Sign up ×
Stack Overflow is a community of 4.7 million programmers, just like you, helping each other. Join them; it only takes a minute:

I have worked extensively with C#, however, I am starting a project where our client wishes all code to be written in C++ rather than C#. This project will be a mix between managed (.NET 4.0) and native C++. Being that I have always preferred C# to C++ for my .NET needs, I am wondering if there are any important differences I may not be aware of between using C# and managed C++?

Any insight into this is greatly appreciated.

EDIT Looking at Wikipedia for managed C++ code shows that the new specification is C++/CLI, and that "managed C++" is deprecated. Updated the title to reflect this.

share|improve this question
...I'm aware of this. I'm more looking for things like quirks or extra goodies that using C++/CLI might have for the .NET framework as opposed to using C# and VB.NET. As an example, there are a few small differences between C# and VB.NET even though they both use the CLR. – Alexander Miles Jan 26 '12 at 15:22
The only good reason for managed C++ is interop. And the fact that you can have native 'thunks' (for speed, which can be a lot faster than managed code, example encryption). IMO using C++/CLI pure mode is useless. – leppie Jan 26 '12 at 15:29

3 Answers 3

up vote 8 down vote accepted

C++/CLI is a full fledged .NET language, and just like other .NET languages it works very well in a managed context. Just as working with native calls in C# can be a pain interleaving native C++ and Managed C++ can lead to some issues. With that said, if you are working with a lot native C++ code I would prefer to use C++/CLI over C#. There are quite a few gotchas most of which could be covered by do not write C++/CLI as if your were writing C# nor write it as if you were writing native C++. It is its own thing.

I have worked on several C++/CLI projects and the approach I would take really depends on the exposure of different levels of the application to native C++ code. If the majority of core of the application is native and the integration point between the native and managed code is a little fuzzy then I would use C++/CLI throughout. The benefit of the control in the C++/CLI will outweigh its problems. If you do have clear interaction points that could be adapted or abstracted then I would strongly suggest the creation of a C++/CLI bridging layer with C# above and C++ below. The main reason for this is that tools for C# are just more mature and more ubiquitous than the corresponding tools for C++/CLI. With that said, the project I have been working on has been successful and was not the nightmare the other pointed to.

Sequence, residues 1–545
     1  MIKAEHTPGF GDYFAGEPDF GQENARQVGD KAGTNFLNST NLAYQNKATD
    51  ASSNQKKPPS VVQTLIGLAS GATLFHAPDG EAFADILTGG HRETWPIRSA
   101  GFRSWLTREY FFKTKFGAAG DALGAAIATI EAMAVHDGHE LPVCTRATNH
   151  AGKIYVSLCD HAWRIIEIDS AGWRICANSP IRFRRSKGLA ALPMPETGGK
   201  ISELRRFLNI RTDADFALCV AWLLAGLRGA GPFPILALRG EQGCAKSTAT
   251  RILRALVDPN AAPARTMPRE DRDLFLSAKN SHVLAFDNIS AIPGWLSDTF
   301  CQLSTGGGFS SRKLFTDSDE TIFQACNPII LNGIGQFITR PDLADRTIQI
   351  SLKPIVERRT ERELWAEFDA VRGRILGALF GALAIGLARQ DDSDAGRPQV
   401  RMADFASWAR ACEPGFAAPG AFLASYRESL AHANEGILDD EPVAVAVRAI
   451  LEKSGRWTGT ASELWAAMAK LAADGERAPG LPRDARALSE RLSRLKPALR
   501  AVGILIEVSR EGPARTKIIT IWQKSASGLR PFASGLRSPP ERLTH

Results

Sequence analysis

I would also make sure you understand why the client is headed in this direction. If the idea is that they have a bunch of C++ developers and they want to make it simpler for them to move to write managed code I would posit to the client that learning C# may be less challenging then learning C++/CLI.

If the client believes that C++/CLI is faster that is just incorrect as they all compile down to IL. However, if the client has a lot of existing or ongoing native C++ development then the current path may in fact be best.

share|improve this answer
This might be my ignorance, but my experience with doing native calls from C# has been pleasant, if, in fact, forgettable because you don't have to do much most of the time. Yes, passing managed objects might be a pain, but if you just use primitive types and structs, it's pretty straightforward. I keep seeing in this thread that native calls are easier in C++. Can you enlighten me? – siride Jan 26 '12 at 16:52
First of all the native calls you are making are to a c api that has no concept of objects. Utilizing c++ apis from c# would be nearly impossible as the name mangling and other issues presented. Also in c++ you have direct control over memory assignment allocation strategy layout, .... Most of these thing are accomplishable in c# but with out the vast array of functions to support them you have in c++. – rerun Jan 26 '12 at 16:57
yep, forgot about name mangling. That's a pain. C API is easy for sure, but I've never had to use a C++ API. Got it now. – siride Jan 26 '12 at 17:06
Such a nice answer I had to pretty it up some! +1 – Cory Gross Aug 7 '13 at 20:31